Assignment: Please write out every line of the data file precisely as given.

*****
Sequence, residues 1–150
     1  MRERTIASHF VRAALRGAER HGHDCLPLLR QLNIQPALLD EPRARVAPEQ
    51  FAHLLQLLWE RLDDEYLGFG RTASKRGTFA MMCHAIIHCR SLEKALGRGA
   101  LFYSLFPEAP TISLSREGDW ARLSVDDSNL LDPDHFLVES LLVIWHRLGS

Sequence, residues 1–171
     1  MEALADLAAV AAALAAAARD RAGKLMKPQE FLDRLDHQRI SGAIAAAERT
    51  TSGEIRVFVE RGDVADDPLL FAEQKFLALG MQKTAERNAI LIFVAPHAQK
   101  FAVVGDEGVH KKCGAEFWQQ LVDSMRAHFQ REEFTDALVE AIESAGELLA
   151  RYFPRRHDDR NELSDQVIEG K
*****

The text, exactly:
Sequence, residues 1–150
     1  MRERTIASHF VRAALRGAER HGHDCLPLLR QLNIQPALLD EPRARVAPEQ
    51  FAHLLQLLWE RLDDEYLGFG RTASKRGTFA MMCHAIIHCR SLEKALGRGA
   101  LFYSLFPEAP TISLSREGDW ARLSVDDSNL LDPDHFLVES LLVIWHRLGS

Sequence, residues 1–171
     1  MEALADLAAV AAALAAAARD RAGKLMKPQE FLDRLDHQRI SGAIAAAERT
    51  TSGEIRVFVE RGDVADDPLL FAEQKFLALG MQKTAERNAI LIFVAPHAQK
   101  FAVVGDEGVH KKCGAEFWQQ LVDSMRAHFQ REEFTDALVE AIESAGELLA
   151  RYFPRRHDDR NELSDQVIEG K